The Cooks River Valley Association (CRVA), with assistance from Gallipoli Centenary Peace Campaign (GCPC), has collected nearly 60 signatures on a petition that calls for the establishment of a Pemulwuy Cooks River Trail. Included among the signatories are a number of Aboriginal people including Jennifer Newman who is President of CRVA.
The signatures were mainly collected at two events that were held in Marrickville during April and May 2018. These events were the Anzac Day Reflection held on April 25, 2018 in Richardson’s Lookout – Marrickville Peace Park and the National Sorry Day Walk along the Cooks River on May 26, 2018.
The petition calls on the Inner West Council to “designate the walk between the Aboriginal Interpretive Sites along the Cooks River parks in Marrickville as the Pemulwuy Trail and produce an information leaflet to explain the sites and the Aboriginal connection to the Cooks River (River of Goolay’yari).”1
The Inner West is home to a significant number of Aboriginal residents and important Aboriginal heritage and community sites. As such, the primary aim of the petition is to promote awareness and appreciation of Aboriginal art, culture and history.
A crucial part of this history involves Aboriginal resistance to the occupation and dispossession of indigenous land by European settlers. As the historian Henry Reynolds has emphasised: “Frontier conflict had to be about land, about ownership and control of the whole continent. It was war by any measure. And it was more significant than most of the overseas ventures commemorated in the (Australian War) Memorial and along Anzac Avenue (in Canberra). It is not unreasonable to suggest that it was Australia’s most important war.“2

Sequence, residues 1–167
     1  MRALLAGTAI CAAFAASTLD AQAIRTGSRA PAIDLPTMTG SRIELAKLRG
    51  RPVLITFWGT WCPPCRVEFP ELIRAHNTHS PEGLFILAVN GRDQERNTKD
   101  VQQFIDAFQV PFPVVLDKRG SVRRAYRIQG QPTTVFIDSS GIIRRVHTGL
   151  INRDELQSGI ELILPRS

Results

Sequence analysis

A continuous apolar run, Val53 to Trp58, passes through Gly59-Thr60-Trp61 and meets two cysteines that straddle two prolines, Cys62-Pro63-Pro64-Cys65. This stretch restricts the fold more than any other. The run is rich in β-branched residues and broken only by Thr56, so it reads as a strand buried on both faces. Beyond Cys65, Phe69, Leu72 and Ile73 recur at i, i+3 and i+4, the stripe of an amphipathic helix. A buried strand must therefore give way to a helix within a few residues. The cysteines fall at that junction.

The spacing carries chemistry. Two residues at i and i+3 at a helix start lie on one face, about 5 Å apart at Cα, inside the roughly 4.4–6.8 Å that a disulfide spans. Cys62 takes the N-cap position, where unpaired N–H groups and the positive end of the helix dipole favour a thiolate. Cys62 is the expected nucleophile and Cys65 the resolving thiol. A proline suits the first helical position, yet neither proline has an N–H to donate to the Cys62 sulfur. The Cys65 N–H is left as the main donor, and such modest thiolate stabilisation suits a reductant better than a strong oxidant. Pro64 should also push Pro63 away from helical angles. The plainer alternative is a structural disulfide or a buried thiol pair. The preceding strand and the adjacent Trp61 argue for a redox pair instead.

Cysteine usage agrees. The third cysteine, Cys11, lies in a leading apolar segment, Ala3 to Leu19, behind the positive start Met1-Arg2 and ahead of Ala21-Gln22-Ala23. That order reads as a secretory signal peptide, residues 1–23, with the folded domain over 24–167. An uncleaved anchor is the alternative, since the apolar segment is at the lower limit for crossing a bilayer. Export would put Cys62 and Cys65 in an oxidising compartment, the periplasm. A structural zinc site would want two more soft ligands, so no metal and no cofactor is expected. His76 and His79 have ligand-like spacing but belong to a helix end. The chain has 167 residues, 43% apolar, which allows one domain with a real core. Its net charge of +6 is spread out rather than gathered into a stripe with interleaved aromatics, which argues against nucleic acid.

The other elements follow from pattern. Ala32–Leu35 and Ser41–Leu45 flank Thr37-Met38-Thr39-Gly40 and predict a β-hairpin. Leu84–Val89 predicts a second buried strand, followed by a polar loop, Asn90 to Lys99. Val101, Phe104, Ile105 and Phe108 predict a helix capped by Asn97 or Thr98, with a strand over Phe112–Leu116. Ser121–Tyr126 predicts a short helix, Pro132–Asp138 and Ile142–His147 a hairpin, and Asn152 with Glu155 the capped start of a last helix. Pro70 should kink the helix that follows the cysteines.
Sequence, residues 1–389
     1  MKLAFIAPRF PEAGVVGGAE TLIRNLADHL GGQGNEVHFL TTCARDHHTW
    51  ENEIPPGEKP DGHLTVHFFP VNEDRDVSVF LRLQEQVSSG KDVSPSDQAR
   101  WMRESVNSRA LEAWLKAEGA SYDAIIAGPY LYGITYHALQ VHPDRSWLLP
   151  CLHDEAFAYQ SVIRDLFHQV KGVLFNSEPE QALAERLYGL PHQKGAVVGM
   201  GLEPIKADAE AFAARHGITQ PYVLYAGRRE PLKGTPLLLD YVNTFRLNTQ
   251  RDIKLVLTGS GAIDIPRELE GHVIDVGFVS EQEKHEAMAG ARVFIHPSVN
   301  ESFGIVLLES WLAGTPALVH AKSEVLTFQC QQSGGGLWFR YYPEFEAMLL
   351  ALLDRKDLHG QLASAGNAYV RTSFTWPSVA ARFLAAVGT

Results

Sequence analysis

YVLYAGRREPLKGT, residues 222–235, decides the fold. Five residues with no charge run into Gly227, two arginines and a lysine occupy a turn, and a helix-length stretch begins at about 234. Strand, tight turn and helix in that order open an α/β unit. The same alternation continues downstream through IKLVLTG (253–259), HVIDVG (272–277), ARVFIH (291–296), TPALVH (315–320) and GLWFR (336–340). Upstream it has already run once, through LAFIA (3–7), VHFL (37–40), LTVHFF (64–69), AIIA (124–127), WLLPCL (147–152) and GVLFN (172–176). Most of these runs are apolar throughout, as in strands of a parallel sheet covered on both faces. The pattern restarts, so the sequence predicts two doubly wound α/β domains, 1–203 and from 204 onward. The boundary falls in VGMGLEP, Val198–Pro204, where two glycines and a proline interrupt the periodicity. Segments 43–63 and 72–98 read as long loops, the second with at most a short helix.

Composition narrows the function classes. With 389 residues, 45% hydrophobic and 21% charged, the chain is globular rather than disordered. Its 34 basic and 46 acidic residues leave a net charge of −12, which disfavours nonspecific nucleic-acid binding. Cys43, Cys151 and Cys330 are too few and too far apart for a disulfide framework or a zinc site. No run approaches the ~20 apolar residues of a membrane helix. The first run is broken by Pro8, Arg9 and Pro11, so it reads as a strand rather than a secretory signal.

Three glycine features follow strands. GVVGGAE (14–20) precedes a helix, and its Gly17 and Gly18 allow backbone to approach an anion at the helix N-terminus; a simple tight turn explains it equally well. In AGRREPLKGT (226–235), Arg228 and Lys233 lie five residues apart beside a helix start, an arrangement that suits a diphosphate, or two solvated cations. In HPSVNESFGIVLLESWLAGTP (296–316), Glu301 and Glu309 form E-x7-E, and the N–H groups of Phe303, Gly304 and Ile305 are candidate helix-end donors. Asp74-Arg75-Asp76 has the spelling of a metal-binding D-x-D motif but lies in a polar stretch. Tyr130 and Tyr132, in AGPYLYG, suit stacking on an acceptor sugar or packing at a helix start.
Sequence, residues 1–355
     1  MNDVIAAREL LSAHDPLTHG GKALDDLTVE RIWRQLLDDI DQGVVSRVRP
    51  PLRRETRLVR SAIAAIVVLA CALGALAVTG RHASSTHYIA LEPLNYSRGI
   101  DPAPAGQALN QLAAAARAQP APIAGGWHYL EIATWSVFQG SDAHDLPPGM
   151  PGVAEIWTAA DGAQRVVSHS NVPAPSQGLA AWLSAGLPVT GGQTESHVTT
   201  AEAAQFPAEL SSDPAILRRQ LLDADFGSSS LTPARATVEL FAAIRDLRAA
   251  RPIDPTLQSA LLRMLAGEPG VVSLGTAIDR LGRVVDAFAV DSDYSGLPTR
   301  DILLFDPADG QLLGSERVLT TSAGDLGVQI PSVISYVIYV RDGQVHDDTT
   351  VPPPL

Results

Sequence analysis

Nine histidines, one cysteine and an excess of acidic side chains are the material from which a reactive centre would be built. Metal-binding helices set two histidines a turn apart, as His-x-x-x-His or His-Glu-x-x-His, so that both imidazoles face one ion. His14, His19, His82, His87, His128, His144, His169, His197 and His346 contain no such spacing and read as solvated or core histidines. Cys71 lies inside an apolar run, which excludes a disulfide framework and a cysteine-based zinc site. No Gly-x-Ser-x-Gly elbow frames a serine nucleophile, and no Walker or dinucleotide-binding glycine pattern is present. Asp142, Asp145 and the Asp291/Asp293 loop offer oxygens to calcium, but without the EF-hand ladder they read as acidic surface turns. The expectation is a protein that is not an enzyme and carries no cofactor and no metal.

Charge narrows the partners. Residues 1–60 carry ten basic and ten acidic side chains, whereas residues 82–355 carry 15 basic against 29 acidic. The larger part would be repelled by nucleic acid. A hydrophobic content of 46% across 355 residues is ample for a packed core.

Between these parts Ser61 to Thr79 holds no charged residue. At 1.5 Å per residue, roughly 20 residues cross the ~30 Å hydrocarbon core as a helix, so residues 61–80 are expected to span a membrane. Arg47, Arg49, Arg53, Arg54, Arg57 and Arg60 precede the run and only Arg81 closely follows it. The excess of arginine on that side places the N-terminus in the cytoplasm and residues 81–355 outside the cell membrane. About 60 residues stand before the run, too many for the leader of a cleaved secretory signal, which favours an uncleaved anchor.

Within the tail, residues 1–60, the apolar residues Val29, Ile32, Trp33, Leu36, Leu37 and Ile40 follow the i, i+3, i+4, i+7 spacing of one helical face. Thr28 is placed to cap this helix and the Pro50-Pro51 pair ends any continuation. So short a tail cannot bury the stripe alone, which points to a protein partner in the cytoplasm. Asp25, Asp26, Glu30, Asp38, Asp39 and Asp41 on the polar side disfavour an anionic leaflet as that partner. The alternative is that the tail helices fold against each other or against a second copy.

Prominent in this resistance movement was Pemulwuy who led guerrilla attacks against the settlers’ farms mainly in his own Bidjigal or Bediagal territory, which extended from Botany Bay south of the Cooks River and west along the Georges River to Salt Pan Creek, south of Bankstown.
The Aboriginal Interpretive Site at Steel Park draws attention to the role that Pemulwuy played in the Frontier Wars and also acknowledges the impact of invasion and colonisation on Indigenous people. In addition, the signage at Richardson’s Outlook – Marrickville Peace Park acknowledges the Frontier Wars and also pays tribute to Aboriginal soldiers who served in WW1.
The CRVA submitted the petition to the Inner West Council on 15 August 2018. Council is expected to officially respond to the petition towards the end of this year.
1. For an account of the long history of Aboriginal associations with the Cooks River catchment, refer to Paul Irish’s Aboriginal History along the Cooks River, Cooks River Alliance, May 2017.
2. Henry Reynolds, ‘Brendan Nelson and the War Memorial – what about the Frontier Wars?’, John Menadue – Pearls and Irritations, Apr 10, 2018. Also refer to Richard Flanagan’s ‘Our politics is a dreadful black comedy’, address to the National Press Club, published in The Guardian, April 18. 2018.